- Legal service providers call on President Obama and DHS Secretary Johnson to designate TPS for the Northern Triangle countries (Jan. 2016)
- 150+ NGOs call on DHS and DOJ to consider disabilities of Central American refugee families targeted for raids (Jan. 2016)
- 160+ NGOs oppose DHS raids targeting Central American refugee families (Dec. 2015)
- 140+ NGOs, academics, and legal and mental health/child welfare professionals oppose licensing for Texas family detention centers (Oct. 2015)
- 97 national NGOs call on President Obama to end family detention (Jun. 2015)
- 188 NGOs call on President Obama to end family detention (May 2015)
- Letter to President Obama opposing family detention (Mar. 2015)
- Letter from more than 120 NGOs opposing the opening of the Dilley, Texas family detention center (Dec. 2014)
- Letter to President Obama from 136 organizations (Nov. 2014)
- Letter to President Obama from groups working with asylum seekers and refugees (Nov. 2014)
- Letter to Senate and House Appropriations Conferees on unaccompanied children and displaced Central American families (Oct. 2014)
- Letter from more than 160 NGOs to President Obama (Sept. 2014)
- Letter from more than 100 NGOs opposing new family detention centers (July 2014)
- 22 Senate Democrats call for an end to immigration raids and Temporary Protected Status (TPS) for the Northern Triangle countries (Jan. 2016)
- 146 House Democrats call for suspension of immigration raids and TPS designation for the Northern Triangle Countries (Jan. 2016)
- 19 Senate Democrats express concerns with access to counsel at family detention centers (Oct. 2015)
- Letter from Sen. Klobuchar to DHS Secretary Jeh Johnson (Aug. 2015)
- 178 House Democrats urge Secretary Johnson to honor a court ruling that requires the government to end family detention (Jul. 2015)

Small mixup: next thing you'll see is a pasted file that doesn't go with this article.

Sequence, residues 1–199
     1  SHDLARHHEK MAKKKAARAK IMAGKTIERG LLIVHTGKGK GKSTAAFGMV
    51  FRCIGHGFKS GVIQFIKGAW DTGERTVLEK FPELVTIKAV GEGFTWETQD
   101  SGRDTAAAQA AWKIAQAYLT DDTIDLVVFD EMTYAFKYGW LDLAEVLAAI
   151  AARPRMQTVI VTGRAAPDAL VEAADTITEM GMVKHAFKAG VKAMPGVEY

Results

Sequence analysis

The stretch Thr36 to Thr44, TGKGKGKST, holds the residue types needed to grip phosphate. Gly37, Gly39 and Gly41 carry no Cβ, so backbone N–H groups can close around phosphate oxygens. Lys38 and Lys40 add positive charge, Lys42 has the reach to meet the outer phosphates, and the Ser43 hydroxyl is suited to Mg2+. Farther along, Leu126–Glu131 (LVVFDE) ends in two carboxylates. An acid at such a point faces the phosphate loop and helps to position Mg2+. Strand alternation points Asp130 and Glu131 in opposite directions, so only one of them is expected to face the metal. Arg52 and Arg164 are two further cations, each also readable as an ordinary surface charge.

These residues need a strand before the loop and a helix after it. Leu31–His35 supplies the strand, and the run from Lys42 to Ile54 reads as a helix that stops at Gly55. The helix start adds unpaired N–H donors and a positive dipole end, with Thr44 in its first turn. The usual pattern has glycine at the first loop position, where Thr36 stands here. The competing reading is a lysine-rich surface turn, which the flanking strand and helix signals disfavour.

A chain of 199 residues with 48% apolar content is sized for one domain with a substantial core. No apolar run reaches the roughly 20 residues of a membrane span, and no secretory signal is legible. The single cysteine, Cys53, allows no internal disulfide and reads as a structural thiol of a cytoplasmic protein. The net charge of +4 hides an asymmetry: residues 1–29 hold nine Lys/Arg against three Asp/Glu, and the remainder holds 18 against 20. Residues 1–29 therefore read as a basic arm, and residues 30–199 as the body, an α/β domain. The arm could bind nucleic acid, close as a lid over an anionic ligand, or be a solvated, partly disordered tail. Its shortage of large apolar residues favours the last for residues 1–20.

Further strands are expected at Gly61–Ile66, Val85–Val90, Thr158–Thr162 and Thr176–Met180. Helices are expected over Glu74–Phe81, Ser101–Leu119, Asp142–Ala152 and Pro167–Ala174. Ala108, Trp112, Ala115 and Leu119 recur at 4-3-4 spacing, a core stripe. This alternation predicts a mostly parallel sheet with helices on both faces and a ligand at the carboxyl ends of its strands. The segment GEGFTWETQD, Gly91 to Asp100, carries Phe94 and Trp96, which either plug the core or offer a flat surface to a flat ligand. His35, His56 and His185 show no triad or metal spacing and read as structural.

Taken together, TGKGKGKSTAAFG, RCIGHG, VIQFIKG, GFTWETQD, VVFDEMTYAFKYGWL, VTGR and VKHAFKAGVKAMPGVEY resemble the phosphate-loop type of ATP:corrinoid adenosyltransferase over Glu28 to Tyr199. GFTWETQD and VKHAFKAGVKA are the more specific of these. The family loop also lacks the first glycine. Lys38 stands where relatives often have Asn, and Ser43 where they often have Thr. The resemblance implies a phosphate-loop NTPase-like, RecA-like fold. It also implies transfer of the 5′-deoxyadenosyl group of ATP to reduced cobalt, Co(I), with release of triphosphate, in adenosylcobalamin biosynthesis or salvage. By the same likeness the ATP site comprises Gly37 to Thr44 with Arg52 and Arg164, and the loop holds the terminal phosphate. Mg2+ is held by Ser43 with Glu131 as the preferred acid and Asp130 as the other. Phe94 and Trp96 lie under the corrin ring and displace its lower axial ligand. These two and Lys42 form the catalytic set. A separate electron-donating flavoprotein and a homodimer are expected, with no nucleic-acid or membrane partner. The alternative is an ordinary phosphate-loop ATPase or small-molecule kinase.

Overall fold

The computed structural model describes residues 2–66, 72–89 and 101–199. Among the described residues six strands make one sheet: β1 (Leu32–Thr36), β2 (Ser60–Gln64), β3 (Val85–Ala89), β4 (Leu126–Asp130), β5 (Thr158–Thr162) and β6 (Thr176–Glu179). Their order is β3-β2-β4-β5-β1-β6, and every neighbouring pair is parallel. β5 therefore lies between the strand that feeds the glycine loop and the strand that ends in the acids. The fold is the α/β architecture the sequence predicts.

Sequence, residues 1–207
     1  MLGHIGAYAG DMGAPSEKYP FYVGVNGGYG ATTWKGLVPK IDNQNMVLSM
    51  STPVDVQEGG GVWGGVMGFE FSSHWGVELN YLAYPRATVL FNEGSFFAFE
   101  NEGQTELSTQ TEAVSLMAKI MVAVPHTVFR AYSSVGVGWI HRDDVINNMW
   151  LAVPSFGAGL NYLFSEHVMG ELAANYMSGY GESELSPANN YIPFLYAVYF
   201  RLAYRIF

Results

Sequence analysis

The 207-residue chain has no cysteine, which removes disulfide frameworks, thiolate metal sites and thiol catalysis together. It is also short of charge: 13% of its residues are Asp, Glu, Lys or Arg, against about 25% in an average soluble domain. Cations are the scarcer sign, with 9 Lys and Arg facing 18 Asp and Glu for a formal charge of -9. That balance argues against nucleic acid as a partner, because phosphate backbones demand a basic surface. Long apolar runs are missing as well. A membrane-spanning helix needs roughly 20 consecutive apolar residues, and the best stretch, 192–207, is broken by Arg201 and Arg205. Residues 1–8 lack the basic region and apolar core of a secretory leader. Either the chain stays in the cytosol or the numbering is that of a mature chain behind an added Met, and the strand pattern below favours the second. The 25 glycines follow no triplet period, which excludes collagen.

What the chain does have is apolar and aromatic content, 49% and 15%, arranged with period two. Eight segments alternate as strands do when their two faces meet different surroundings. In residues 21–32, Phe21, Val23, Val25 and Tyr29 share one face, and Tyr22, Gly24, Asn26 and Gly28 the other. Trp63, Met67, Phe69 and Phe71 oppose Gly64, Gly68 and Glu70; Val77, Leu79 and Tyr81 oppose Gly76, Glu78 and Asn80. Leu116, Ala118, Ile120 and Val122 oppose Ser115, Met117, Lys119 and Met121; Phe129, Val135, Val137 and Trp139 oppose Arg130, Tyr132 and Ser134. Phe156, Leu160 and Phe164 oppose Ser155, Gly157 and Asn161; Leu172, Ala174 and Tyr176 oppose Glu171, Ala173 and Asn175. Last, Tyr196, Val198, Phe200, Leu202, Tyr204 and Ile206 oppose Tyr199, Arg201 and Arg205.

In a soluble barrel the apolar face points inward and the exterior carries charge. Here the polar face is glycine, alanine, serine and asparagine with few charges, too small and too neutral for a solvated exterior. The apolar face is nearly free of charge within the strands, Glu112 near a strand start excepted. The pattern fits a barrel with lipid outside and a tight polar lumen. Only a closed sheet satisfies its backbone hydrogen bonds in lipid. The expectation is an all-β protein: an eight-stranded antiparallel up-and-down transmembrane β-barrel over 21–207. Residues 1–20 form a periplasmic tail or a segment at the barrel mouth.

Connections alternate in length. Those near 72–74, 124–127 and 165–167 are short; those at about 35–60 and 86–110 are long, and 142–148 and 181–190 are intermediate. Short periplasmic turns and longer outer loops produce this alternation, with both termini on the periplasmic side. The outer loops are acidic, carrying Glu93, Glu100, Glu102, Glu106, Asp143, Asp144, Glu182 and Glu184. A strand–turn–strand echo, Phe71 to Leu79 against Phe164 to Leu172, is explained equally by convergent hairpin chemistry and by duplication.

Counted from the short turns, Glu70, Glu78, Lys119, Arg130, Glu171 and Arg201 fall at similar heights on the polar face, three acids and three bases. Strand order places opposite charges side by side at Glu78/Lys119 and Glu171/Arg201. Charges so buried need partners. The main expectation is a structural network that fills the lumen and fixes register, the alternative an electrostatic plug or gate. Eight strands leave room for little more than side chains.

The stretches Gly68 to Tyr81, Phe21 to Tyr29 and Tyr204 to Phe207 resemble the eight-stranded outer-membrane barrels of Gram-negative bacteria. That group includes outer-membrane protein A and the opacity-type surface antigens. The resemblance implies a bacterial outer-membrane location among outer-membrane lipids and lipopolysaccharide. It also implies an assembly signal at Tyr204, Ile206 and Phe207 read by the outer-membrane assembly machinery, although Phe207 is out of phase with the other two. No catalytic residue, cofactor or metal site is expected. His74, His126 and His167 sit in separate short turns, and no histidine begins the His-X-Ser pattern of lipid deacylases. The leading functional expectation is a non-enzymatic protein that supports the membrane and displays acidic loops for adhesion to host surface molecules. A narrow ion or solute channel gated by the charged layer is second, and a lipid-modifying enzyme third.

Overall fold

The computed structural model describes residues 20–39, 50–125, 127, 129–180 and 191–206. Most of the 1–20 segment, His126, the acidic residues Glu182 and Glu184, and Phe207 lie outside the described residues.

- Letter from Ranking Members of Senate Judiciary and Health, Education, Labor, and Pensions (HELP) Committees urge Sec. Johnson to honor court ruling and end family detention (Jul. 2015)
- Rep. Mike Quigley (D-IL) speaks against family detention while introducing an amendment to defund family detention during House Appropriations Homeland Security Subcommittee markup of FY16 DHS appropriations (Jul. 2015)
- 33 Senate Democrats call on DHS Secretary Jeh Johnson to end family detention (Jun. 2015)
- Rep. Judy Chu's Op-Ed: "The Time to End Family Detention is Now" (May 2015)
- 136 House Democrats call on DHS Secretary Johnson to end family detention (May 2015)
- House Democrats call for end to family detention program (May 2015)
- Former Maryland Governor Martin O'Malley criticizes "detention camps" for immigrant families (May 2015)
- Sen. Harry Reid calls on the administration to end family detention (May 2015)
- Sen. Menendez statement opposing family detention (May 2015)
- Reps. Roybal-Allard, Gutierrez, and Lofgren Call for End to Family Detention Program (May 2015)
- Rep. Adam Smith statement opposing family detention (May 2015)
- Rep. Raul Grijalva's Op-Ed: "This Mothers' Day, Let's Reconsider Family Detention" (May 2015)
- Hilary Clinton criticizes family detention (May 2015)
- Sen. Leahy criticizes family detention in his opening statement for the Senate Judiciary Committee's oversight hearing of the DHS (Apr. 2015)
- Congressional women leaders call on President Obama not to ignore the plight of mothers in detention (Nov. 2014)
- Letter to President Obama from 32 Congressmen (Oct. 2014)
- Letter from leading Democratic Senators to DHS Secretary Jeh Johnson (Oct. 2014)
- Letter from 28 members of Congress to DHS Secretary Johnson (Aug. 2014)